"Inequality at birth is neither just nor unjust. What's just and unjust is the way institutions deal with it" - John Rawls
"I always had a certain dislike for general principles and abstract prescriptions. I think it's necessary to have an "empirical lantern" or a "visit with the patient" before being able to understand what is wrong with him. It is crucial to understand the peculiarity, the specificity, and also the unusual aspects of the case" - Albert O. Hirschman
Rohini Pande on solution oriented policy analysis, gender, and development research
World Bank blog has a short interview of
Prof. Rohini Pande of Harvard Kennedy School.
I thoroughly enjoyed reading it. She has great insights into
development research, especially on nature of development research and
intersection of politics and economy.
On policy analysis:
We often see
students, especially those with experience in government and
policymaking, arrive with a solution in hand— digital identification, or universal basic income,
or whatever — and our work is to get them to back up and start thinking hard in
terms of problem identification. If you can get them to
do that — to be
question-orientated rather than answer-orientated— then it’s an easy step to get them to think about analytical
frameworks and the evidence needed.
solutions dominate the conversation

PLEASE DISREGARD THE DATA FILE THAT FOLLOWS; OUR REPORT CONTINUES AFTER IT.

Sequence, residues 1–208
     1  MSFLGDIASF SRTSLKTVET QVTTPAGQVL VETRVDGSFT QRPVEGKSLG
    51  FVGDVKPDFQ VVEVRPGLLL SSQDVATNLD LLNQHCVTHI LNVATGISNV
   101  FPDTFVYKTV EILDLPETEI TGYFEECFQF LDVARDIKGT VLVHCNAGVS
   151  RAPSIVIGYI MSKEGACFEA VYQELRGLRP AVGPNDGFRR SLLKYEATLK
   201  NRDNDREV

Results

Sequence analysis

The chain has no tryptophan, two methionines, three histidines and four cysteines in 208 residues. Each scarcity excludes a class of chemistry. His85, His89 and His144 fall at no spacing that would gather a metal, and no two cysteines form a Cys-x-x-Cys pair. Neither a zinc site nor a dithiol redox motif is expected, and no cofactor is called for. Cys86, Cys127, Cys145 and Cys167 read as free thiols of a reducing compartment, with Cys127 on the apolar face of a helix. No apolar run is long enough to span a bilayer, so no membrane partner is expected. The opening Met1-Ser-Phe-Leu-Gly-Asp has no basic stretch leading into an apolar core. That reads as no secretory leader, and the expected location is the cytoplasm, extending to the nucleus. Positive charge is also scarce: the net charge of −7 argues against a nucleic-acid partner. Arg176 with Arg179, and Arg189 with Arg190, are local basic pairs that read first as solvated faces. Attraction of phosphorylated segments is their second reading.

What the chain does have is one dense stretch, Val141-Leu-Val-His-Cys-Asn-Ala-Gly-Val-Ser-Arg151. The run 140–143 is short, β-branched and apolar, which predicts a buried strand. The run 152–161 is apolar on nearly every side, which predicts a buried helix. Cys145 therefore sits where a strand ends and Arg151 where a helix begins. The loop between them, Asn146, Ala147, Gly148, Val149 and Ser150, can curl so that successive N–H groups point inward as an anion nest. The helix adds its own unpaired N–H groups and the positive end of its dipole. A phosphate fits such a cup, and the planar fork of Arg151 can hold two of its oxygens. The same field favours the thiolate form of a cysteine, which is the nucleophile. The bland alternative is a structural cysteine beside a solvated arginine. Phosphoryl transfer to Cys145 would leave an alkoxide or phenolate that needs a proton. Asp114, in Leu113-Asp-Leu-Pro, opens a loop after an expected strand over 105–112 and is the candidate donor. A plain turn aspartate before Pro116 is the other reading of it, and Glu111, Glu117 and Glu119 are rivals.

before problems have even been identified. This is often because a particular solution is being pushed by
political bosses or superiors in the bureaucracy.
I think it’s a
matter of righting a wrong. Researchers are coming to see that this isn’t a
matter of feminism or activism, but of accuracy and rigor: research that
doesn’t view development through a gender lens makes errors. I’ve seen this
many times in my own work. Microfinance is one example: it’s easy to look at
microfinance through the lens of profits and poverty-reduction, and say
it doesn’t work. But
if you frame the question differently, if you say, Have these
programs successfully provided credit to poor women — some of the most isolated and disempowered people on
earth — and made a profit at the same time? Then you get a
very different outcome. It becomes a success story.
On nature of development research:
I would also love to see the
central engagement of development economists being with the research question
they pose and not the tools used to answer it. The last decade has seen what I
consider a phony war between supporters and opponents of RCTs. I think, as a
profession we agree that RCTs are a valuable method for identification in some
settings but the analytical toolkit available to development economists is, and
will remain, broader than just RCTs.
I liked this line
It’s easy to
create and introduce an indicator variable for gender in regressions, much
harder to create a sensible indicator for the power structures underlying
I haven’t seen such nuanced views from a development
economist in long time. There was Hirschman, then Dani Rodrik and then Rohini
I am now definitely adding her to the list of my favourite